Yes. Many surveyors use the Global Positioning System (GPS) to locate boundaries and other things needed in order to perform a survey. GPS is a great tool to have and use, however the cost and the limitations of the equipment keep it from totally replacing the other equipment surveyor’s use every day.

What is that nail for?

Most, if not all surveyors, use some sort of reference mark for their equipment. These references may be nails, rebars, pipes, etc that the surveyor “set up” the equipment on in order to locate what is needed to perform the survey. If you see these reference points there is no need to be alarmed more times than not the only person that uses these are your surveyor and they have no meaning except to them.

Why are you surveying way over there on my neighbor’s property?

During the performance of a survey there may be many reasons why your surveyor is locating things that are not on your property. Surveyors in NC are required to “tie” their surveys to reference points that may or may not exist on your property. The verification of your property corners is done by locating other property corners and examining their location and their location given in the deeds and on the plats. If your property corners have been disturbed or removed it will be necessary to locate adjoining property corners in order to reestablish where your property corners belong.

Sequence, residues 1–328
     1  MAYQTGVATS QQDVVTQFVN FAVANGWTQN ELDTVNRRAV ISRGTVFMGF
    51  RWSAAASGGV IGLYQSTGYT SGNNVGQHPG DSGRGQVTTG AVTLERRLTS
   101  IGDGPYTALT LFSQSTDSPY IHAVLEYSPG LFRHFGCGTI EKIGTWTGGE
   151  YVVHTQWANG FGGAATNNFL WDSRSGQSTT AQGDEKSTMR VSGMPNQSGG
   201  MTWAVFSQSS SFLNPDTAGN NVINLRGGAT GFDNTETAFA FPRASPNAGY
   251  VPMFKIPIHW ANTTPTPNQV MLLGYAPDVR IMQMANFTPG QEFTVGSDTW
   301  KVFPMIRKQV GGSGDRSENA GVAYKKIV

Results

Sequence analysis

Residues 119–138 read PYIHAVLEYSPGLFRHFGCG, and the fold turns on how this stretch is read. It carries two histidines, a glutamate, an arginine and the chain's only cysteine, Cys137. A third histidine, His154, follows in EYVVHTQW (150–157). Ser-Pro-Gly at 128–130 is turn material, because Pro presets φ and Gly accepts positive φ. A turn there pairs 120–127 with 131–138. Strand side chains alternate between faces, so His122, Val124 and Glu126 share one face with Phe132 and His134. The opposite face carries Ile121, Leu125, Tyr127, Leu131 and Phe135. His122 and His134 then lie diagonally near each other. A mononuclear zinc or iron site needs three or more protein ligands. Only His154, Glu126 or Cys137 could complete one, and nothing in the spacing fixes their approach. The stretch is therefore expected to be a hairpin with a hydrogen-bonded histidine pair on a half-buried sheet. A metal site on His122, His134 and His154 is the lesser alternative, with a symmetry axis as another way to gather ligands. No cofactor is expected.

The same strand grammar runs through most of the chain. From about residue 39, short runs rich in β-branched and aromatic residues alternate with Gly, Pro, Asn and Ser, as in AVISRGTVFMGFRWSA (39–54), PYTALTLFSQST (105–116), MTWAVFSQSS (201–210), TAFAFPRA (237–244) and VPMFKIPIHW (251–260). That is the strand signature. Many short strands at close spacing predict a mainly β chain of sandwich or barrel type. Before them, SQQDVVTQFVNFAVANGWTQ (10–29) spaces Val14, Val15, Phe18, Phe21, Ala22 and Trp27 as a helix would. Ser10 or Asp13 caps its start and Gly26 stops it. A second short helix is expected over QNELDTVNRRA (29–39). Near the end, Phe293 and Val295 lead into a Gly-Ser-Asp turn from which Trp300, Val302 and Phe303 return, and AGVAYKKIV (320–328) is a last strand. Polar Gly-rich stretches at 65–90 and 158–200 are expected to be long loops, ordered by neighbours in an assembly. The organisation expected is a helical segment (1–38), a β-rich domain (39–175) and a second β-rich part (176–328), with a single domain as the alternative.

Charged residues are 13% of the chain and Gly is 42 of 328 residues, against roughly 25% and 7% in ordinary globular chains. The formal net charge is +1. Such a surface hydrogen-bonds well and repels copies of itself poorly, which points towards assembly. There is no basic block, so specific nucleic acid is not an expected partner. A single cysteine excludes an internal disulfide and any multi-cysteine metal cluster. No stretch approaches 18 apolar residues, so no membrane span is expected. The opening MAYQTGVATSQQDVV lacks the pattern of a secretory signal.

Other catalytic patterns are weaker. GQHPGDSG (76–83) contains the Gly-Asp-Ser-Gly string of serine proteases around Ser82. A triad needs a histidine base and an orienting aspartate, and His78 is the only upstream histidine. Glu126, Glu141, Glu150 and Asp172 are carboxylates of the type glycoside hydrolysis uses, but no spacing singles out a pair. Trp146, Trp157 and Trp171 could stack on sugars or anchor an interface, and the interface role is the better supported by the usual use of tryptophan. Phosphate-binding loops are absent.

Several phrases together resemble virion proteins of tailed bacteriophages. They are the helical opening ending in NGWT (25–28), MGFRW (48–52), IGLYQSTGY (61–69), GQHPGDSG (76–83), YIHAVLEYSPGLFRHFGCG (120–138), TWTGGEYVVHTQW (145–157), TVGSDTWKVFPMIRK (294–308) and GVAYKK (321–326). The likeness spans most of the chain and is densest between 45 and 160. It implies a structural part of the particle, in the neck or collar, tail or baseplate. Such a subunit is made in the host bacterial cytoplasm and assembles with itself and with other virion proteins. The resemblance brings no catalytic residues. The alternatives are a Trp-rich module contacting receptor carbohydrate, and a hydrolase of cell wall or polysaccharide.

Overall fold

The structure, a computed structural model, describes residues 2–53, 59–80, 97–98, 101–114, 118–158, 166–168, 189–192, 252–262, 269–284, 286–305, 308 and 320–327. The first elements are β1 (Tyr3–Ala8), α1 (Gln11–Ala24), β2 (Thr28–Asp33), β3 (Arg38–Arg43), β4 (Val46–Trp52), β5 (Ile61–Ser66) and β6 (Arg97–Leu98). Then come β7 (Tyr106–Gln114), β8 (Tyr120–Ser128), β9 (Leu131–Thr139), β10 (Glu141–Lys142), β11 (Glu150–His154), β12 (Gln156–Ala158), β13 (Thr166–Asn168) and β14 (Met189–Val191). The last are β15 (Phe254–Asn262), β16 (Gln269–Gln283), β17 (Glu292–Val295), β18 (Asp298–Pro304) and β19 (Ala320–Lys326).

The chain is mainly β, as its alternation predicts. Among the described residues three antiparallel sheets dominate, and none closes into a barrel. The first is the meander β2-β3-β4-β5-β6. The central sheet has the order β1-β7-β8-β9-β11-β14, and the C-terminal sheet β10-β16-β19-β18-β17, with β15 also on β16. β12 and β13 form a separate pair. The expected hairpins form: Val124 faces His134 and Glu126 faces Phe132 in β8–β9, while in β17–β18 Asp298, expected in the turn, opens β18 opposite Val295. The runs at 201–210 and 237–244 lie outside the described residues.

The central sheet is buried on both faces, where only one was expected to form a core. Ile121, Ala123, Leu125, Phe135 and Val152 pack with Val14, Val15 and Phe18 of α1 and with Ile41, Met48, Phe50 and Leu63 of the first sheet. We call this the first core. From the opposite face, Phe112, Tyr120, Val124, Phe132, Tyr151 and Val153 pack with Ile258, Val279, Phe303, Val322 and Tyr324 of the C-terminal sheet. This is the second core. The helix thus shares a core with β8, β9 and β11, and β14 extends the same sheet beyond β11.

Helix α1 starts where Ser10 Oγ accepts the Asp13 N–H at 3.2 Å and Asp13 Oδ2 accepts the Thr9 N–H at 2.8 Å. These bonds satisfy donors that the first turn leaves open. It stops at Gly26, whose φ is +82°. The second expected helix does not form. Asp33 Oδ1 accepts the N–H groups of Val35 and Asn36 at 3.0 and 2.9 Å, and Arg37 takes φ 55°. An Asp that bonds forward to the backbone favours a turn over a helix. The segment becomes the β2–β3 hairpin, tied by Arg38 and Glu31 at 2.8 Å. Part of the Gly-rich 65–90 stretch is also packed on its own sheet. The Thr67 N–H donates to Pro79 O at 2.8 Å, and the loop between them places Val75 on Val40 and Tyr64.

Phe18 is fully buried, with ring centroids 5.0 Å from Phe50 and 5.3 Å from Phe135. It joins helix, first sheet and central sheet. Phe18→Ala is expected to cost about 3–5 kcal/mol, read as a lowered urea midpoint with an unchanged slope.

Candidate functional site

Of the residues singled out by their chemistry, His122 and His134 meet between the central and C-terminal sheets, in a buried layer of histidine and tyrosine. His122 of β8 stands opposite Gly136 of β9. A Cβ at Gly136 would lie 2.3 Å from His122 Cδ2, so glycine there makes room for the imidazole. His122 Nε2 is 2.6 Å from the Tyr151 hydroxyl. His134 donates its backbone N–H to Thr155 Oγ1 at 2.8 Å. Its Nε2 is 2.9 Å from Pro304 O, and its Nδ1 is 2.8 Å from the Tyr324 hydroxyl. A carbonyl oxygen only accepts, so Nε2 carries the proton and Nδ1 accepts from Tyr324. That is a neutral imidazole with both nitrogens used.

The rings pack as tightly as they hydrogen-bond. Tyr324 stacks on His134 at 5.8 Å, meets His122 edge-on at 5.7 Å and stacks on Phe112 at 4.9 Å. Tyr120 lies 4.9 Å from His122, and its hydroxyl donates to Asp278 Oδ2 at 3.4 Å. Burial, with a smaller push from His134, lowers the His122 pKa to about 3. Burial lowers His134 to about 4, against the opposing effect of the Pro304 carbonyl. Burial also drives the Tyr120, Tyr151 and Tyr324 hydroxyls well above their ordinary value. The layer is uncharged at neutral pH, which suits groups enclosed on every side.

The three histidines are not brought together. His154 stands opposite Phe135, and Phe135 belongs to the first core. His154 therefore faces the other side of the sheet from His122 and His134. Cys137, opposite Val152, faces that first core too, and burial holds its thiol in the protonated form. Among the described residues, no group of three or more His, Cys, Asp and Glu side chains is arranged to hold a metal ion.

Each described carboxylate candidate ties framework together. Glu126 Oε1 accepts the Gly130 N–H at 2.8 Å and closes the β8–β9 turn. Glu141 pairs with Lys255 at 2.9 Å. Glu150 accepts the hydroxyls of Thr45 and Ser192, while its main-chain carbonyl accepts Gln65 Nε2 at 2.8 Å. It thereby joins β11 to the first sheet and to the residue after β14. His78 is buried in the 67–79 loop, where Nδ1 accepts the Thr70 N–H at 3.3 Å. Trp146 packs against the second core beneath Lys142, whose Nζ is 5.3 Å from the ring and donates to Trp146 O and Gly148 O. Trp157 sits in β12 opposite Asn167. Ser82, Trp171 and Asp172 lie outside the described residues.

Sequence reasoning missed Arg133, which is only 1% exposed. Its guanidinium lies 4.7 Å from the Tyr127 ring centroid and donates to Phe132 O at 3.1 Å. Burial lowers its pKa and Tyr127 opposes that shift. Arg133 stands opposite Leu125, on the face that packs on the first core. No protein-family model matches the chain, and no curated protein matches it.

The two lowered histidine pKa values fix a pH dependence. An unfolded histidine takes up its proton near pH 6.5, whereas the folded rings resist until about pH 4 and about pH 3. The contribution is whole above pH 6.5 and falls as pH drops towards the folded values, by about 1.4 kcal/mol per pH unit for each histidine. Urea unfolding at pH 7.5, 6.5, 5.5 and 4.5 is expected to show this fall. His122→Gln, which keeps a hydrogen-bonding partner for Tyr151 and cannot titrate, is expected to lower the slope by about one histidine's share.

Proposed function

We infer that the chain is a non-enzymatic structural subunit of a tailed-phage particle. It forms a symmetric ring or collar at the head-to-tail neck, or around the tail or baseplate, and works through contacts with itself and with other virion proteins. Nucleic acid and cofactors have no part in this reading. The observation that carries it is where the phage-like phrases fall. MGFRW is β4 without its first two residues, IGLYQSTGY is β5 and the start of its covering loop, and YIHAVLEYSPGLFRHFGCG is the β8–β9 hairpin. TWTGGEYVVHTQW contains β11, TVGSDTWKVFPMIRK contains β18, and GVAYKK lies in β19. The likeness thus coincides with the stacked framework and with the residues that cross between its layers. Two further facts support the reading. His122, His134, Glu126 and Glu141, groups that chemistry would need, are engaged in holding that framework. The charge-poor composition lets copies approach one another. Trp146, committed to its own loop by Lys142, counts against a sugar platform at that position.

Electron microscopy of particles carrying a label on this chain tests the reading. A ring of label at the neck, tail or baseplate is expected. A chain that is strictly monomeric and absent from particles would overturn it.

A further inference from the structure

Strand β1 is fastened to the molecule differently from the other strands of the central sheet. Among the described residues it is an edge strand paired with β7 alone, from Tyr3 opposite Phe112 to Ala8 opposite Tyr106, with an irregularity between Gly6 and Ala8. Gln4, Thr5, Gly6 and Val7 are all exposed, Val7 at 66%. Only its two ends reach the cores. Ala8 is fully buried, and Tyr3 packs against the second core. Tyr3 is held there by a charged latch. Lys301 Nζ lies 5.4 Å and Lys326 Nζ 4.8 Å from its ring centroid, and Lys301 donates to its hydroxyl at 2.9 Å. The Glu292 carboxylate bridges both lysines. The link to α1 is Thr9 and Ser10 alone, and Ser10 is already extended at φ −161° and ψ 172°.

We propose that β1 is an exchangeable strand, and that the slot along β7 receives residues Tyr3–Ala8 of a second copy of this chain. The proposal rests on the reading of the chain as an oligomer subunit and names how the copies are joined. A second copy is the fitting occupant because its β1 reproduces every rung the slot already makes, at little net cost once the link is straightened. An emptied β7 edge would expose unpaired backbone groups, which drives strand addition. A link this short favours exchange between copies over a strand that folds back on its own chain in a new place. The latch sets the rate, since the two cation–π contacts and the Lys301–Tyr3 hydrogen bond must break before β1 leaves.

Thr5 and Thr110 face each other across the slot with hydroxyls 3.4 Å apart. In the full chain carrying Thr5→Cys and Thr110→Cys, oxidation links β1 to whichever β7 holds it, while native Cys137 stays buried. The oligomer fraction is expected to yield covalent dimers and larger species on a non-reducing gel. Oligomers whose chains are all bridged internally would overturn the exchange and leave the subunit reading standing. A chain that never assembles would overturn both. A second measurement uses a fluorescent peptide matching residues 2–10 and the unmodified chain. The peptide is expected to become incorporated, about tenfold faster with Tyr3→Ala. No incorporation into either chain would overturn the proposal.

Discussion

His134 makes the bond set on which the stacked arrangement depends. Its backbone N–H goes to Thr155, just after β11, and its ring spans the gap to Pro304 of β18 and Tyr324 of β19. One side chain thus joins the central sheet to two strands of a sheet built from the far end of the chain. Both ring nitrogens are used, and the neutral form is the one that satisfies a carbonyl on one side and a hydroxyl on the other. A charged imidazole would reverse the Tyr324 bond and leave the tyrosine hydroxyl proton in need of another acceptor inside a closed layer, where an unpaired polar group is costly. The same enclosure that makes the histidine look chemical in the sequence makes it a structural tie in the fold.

What do I do now that the survey is completed?

Depending on the reason for the survey you may need to do nothing. If it is for a transfer of property you probably need to get the survey to an attorney to prepare a deed or in some cases it may need to be reviewed by a county or municipal officer in order to verify it meets all applicable zoning, subdivision and any other rules and laws. Your surveyor will help guide you through this process and make sure you have what you need.

What type of survey do I need?

There are so many reasons you may need a survey that the best answer to this is to talk with your surveyor about your needs and they will be able to help you determine what type or survey is needed. A good rule of thumb may be to tell the surveyor to perform the survey like it is their property that should get you what you need and not a lot of unnecessary extras.